It is commonly assumed that primordial proteins had ordered scaffolds that provided preorganization for activity [55]. These scaffolds were built of structural elements that shared a number of properties with modern proteins. This point of view has guided most efforts to construct models of the earliest functional proteins. Several interesting ideas have been put forward to explain how function can be achieved through the self-assembly of small peptides into specific, ordered scaffolds. In variance with these ideas, it was recently shown that structurally dynamic, simple proteins that are compatible with the conditions at the origin of life could be functional in vivo [55]. Here, we significantly extend this notion. We present results from experiments and our computer simulations indicating that a rigid scaffold was not a prerequisite for either primordial water-soluble enzymes or membrane channels. These two types of proteins carried out functions that were ubiquitous for the nascent cellular life. Instead, the earliest functional proteins might have been quite flexible. Such proteins did not require extensive evolutionary optimization of their sequence to achieve activity, a desirable property that might have considerably increased the repertoire of functional polymers at the origins of life. In particular, it has been determined through in vitro evolution experiments that a model of ancestral, water-soluble enzymes has an architecture quite different from what is found in biological systems. Contemporary enzymes form a hydrophobic core, which requires polypeptide chains of a considerable length. The model protein, instead, has a small, rigid, hydrophilic core stabilized with the aid of metal ions that tether the ends of a highly flexible catalytic loop. This markedly reduces the length requirements for enzymatic activity, as it is no longer needed to surround a hydrophobic core with a hydrophilic exterior exposed to water. Common elements of the secondary structure, such as α-helices and β-sheets, are neither required nor found in this novel architecture. This appears to impart considerable robustness to mutations in the core, even if they affect critical interactions with the metal ligands, as the polypeptide chain not engaged in an ordered secondary structure readily undergoes rearrangements to accommodate mutations.
Flexible loops in the active center are common in modern enzymes. We hypothesize that as early enzymes evolved toward longer chains, hydrophilic cores were substituted by hydrophobic cores that were more stable and better pre-organized for catalytic activity. Proteins based on a frequent and ancient TIM barrel architecture might be examples of such enzymes. The transition from a hydrophilic to a hydrophobic core would require the global structural reorganization of a protein. Experimental data and theoretical considerations suggest an evolutionary mechanism that might lead to such reorganization [40,116].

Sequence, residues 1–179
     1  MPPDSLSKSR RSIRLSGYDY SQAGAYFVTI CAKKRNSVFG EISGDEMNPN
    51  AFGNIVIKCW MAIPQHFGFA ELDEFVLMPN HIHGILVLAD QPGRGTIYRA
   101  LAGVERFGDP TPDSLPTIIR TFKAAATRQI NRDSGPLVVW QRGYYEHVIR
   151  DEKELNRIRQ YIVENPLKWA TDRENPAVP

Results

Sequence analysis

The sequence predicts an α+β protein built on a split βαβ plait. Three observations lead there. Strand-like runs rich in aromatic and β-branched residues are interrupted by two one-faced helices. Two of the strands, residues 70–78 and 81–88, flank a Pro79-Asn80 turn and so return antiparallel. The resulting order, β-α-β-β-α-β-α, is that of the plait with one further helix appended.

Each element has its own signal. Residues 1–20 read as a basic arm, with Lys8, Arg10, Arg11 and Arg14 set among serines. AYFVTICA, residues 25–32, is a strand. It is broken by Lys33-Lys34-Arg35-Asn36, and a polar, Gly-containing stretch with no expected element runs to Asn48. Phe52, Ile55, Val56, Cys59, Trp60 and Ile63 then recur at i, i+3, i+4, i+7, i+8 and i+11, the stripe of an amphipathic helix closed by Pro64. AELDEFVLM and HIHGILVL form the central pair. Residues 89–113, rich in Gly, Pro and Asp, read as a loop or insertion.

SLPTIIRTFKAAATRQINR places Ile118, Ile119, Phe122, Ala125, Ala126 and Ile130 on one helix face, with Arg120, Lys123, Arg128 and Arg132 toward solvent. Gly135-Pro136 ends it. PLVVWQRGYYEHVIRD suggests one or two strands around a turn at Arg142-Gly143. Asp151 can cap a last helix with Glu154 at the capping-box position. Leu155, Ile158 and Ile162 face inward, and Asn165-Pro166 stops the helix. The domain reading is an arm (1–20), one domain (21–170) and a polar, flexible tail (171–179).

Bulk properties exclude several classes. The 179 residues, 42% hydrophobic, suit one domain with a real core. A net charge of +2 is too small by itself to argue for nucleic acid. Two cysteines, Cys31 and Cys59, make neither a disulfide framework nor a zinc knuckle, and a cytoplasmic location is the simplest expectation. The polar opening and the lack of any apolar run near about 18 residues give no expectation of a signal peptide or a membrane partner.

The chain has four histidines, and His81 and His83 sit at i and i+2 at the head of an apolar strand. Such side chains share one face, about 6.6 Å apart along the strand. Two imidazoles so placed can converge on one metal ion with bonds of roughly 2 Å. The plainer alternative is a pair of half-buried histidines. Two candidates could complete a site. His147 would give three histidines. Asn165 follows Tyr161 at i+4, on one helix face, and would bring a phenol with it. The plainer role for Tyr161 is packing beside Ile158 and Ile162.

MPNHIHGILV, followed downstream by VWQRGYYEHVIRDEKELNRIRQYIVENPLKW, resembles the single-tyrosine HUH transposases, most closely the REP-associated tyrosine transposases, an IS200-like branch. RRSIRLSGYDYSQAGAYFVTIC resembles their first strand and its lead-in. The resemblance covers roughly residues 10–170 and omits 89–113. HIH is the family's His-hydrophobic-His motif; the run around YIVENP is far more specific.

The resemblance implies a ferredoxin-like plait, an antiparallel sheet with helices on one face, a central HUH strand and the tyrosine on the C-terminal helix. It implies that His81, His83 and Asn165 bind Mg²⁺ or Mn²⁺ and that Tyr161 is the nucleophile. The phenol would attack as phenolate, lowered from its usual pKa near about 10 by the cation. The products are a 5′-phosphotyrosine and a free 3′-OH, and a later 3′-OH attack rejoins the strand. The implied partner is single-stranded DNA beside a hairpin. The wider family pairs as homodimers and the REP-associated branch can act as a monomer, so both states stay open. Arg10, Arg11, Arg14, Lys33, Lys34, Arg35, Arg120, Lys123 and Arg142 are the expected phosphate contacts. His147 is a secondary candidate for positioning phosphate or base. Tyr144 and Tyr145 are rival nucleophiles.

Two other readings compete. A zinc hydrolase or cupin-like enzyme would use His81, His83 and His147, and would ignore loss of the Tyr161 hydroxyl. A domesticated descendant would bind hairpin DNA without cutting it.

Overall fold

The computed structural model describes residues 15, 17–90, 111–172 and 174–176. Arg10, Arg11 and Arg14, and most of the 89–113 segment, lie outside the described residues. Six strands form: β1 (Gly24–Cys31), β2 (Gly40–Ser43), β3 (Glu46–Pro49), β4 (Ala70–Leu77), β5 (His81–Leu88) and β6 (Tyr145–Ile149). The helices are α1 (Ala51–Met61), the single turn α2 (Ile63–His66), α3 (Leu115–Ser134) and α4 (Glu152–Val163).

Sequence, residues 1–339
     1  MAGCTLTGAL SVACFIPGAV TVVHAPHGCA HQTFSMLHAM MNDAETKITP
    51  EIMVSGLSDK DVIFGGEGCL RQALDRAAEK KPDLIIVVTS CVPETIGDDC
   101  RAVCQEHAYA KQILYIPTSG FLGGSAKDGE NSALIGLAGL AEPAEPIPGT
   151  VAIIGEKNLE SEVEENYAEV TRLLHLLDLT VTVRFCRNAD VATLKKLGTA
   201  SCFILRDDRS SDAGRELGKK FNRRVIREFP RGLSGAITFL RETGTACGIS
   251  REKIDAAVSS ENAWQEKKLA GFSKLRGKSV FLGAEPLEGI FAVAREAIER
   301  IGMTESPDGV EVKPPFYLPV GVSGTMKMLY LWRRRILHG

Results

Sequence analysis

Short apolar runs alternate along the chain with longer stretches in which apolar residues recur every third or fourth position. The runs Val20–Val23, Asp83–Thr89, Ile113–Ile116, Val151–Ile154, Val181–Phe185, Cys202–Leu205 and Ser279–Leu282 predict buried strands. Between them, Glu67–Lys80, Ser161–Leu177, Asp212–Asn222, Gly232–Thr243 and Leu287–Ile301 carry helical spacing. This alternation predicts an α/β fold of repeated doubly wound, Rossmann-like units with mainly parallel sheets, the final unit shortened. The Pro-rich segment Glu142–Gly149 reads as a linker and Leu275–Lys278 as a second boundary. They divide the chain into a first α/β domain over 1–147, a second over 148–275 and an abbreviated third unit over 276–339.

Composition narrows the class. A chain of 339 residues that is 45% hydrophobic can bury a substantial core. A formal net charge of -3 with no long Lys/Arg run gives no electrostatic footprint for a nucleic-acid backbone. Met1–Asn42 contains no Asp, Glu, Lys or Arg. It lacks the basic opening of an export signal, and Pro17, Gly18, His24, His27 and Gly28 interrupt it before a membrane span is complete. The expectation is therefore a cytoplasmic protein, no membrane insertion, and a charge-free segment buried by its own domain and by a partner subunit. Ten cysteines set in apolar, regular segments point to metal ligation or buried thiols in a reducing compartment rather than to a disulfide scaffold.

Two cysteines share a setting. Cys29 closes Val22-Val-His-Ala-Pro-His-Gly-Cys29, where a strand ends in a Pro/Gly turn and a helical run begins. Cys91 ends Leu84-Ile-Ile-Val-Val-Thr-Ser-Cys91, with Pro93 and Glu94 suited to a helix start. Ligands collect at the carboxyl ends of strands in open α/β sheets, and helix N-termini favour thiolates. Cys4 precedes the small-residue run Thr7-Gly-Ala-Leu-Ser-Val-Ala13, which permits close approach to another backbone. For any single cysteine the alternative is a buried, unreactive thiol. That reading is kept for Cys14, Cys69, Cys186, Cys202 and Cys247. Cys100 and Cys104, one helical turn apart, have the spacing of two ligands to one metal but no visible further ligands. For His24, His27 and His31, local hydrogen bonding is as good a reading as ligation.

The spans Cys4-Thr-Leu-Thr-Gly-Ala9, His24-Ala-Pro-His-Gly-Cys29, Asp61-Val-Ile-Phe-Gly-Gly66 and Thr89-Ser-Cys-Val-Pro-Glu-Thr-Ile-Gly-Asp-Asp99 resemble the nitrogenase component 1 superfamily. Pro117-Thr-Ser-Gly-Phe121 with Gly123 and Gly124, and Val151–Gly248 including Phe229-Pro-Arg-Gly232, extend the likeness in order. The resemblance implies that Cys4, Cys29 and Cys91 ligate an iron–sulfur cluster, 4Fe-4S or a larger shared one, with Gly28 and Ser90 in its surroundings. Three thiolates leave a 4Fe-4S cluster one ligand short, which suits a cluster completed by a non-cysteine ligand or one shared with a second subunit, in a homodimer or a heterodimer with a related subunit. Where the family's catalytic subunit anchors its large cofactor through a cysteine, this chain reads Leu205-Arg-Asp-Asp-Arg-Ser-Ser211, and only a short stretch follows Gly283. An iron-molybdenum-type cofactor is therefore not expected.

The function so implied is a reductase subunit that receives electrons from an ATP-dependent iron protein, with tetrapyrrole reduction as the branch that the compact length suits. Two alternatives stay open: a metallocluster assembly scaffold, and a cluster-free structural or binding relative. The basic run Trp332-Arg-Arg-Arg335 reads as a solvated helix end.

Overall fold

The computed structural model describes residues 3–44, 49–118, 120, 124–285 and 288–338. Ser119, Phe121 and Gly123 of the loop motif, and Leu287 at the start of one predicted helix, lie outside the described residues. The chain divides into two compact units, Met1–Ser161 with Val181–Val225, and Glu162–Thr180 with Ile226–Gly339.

The ancestral membrane proteins also did not have to be rigid to maintain their earliest functions, such as equilibrating the osmotic pressure across protocellular walls. Even very short peptides that could barely span the membrane could act as ion carriers and form ion channels upon aggregation. Very limited evolutionary optimization was required, as could be ascertained from the very simple sequence of AAM. The consequence of this simplicity and poor evolutionary optimization was high flexibility, which implies weak stability, weak ion selectivity, and the absence of gating or regulation. Only later in evolution, the stability of channels increased through optimized, knobs-into-holes interhelical interactions.
Flexible proteins might not have been the only ones that existed at the early stages of protocellular evolution. Catalytic, amyloid-like assemblies and leucine/serine ion channels are promising models of rigid, functional peptide structures. Another example is a small, ATP-binding protein evolved in vitro from a library of random amino acid sequences [4]. This protein exhibits a well-defined, novel fold stabilized by a zinc atom. It is quite possible that both rigid and flexible proteins contributed to the pool of functional proteins at the origin of life.
Differences between primordial and modern proteins can also be viewed from a broader perspective. High flexibility, in some cases based on different structural principles, was only one feature that distinguished ancient proteins from their contemporary descendants. There might have been other differences. Polypeptide chains might have contained amino acids that were synthesized abiotically and existed on the early Earth, but are not in the suite of 20 canonical amino acids. In fact, some of them are still present in simple, non-genomic peptides and have no negative impact on their functions. Even though non-canonical, abiotically synthesized amino acids were not as complex and functionally versatile as the so-called “late”, canonical amino acids, such as histidine or phenylalanine, their presence in early proteins could broaden and improve the activity of these proteins beyond what would be available if only the “early” canonical amino acids were used. Further, it appears that the existence of proteins containing only α peptide bonds, as is the case in modern proteins, is not a requisite for function. Since the formation of polypeptides with all α bonds is often considered unlikely in the absence of ribosomal-like machinery, this requirement has been sometimes taken as evidence for the translational origins of the first proteins [117]. Yet there is no obvious reason to assume that the presence of some β bonds would render enzymes with a hydrophilic core inactive. The same applies to proteins with a hydrophobic core, as it has been long established that many different, water-soluble polymers would tend to collapse to three-dimensional structures similar to that adopted in modern proteins, driven by hydrophobic interactions [9]. Considering similarities in side chains, such structures could have been functional, even if the polypeptide chain did not contain all α bonds.